Bitcoin futures are financial derivatives, usually contracts to buy or sell Bitcoin at a certain price on a specific date. These give businesses a way to speculate on the long-term value of Bitcoin. The term “open curiosity” refers to all outstanding futures contracts that haven’t yet been settled. Futures contracts may be collateralized in a number of ways, including by using the contract’s native currency (BTC or ETH), USD, or USD-pegged stablecoins.
Understanding market dynamics requires keeping an eye on the differences in open curiosity between futures with crypto-margin and those with cash margin. The risk of liquidation will rise when Bitcoin futures contracts are secured by Bitcoin. When a market sharply declines while an investor is long Bitcoin and using Bitcoin as collateral, both the net lack of the position and the value of the collateral decline. The location is more vulnerable to being liquidated or stopped out as a result of these two losses.
To put it another way, using Bitcoin to support a long position on Bitcoin increases the risks. If the value of Bitcoin declines, the risk is amplified since not only does the value of the location decline, but also the value of the collateral lowers.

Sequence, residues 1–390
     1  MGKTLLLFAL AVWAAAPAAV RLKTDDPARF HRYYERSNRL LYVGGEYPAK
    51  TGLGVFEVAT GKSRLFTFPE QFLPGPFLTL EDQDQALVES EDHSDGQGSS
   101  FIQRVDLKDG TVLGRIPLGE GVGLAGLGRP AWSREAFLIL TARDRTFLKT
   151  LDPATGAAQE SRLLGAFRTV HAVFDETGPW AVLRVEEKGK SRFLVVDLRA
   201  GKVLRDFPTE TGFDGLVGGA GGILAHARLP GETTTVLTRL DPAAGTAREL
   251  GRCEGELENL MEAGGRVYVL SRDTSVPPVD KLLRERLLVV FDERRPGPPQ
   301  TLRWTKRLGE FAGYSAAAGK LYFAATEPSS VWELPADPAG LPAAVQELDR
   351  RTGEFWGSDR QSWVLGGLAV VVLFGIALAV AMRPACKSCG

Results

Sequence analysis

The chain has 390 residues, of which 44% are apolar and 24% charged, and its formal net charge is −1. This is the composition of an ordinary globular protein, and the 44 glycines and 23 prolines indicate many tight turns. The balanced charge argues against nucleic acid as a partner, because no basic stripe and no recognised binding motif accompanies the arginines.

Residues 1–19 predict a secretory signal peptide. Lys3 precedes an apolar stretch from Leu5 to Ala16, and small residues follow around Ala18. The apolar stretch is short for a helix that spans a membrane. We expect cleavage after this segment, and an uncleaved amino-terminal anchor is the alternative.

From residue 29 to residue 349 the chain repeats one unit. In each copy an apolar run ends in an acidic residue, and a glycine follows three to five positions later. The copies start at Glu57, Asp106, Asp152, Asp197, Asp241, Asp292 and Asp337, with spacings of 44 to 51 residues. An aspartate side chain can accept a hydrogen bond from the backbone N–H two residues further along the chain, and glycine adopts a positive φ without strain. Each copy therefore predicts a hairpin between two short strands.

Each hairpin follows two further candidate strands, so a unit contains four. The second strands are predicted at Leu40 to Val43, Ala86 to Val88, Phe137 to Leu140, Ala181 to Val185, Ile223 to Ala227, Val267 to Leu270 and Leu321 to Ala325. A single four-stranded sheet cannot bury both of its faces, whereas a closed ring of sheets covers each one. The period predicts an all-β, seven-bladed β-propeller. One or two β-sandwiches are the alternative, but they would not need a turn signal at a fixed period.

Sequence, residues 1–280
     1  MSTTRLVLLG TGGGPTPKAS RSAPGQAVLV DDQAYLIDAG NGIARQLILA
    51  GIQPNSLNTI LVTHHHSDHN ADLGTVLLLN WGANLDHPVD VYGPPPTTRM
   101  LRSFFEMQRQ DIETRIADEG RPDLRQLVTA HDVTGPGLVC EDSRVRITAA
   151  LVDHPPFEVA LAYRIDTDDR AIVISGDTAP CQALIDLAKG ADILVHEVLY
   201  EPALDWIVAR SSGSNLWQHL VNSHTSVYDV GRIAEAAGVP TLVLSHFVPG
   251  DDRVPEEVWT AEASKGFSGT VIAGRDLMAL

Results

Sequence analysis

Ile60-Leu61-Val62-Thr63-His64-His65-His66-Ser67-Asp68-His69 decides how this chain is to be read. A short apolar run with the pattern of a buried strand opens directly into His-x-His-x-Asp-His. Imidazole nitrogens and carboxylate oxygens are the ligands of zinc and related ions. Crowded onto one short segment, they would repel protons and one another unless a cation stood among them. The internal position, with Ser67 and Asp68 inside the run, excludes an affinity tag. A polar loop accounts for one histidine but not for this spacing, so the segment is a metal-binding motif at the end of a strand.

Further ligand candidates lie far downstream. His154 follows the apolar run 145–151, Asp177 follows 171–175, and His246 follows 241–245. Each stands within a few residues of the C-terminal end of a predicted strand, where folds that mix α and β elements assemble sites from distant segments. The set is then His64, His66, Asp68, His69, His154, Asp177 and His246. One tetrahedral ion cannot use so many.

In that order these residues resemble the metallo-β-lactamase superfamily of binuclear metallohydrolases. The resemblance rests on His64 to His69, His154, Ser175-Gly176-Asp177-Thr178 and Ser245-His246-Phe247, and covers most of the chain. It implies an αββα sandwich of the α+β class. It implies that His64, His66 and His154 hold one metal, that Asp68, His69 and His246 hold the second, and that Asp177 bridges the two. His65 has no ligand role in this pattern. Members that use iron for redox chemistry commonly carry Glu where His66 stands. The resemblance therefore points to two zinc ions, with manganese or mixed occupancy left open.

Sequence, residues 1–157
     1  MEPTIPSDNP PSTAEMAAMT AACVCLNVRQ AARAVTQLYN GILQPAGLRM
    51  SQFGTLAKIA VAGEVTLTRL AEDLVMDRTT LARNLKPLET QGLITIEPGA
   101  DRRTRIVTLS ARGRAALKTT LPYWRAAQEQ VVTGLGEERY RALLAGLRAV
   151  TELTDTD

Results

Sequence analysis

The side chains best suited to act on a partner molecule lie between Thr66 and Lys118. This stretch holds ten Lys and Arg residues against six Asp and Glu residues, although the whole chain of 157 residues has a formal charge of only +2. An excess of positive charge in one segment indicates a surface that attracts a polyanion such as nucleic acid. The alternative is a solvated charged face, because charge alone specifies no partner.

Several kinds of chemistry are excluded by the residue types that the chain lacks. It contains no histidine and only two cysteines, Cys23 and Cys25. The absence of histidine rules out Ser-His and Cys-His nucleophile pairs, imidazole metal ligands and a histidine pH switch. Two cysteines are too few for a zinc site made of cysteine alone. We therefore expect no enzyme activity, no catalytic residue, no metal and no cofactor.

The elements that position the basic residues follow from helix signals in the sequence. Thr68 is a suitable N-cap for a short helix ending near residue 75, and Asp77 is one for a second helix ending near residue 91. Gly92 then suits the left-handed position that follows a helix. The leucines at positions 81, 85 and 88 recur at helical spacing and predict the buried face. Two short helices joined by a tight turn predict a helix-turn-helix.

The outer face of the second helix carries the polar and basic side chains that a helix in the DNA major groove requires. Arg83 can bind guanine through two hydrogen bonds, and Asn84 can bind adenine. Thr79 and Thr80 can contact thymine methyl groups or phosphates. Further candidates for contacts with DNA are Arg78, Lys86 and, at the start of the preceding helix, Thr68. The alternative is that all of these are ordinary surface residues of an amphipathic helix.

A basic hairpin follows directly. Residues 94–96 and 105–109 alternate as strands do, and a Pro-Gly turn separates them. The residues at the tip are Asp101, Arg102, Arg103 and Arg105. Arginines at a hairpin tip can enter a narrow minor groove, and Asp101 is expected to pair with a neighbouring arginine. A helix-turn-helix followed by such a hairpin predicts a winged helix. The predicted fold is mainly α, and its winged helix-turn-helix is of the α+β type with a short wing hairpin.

However, using USD or stablecoins as collateral for futures contracts might significantly reduce the risk of massive leverage cascades during market downturns. When a secure asset is used as collateral, the value of the collateral remains constant regardless of changes in the market value of the underlying asset. This stability acts as a buffer against abrupt market movements and lowers the likelihood of forced liquidations.
According to data from Glassnode, the percentage of open interest in futures that is margined in the contract’s native currency (such as BTC and ETH) is currently at 28.8%. On July 3, this indicator fell to an all-time low of 21.8%.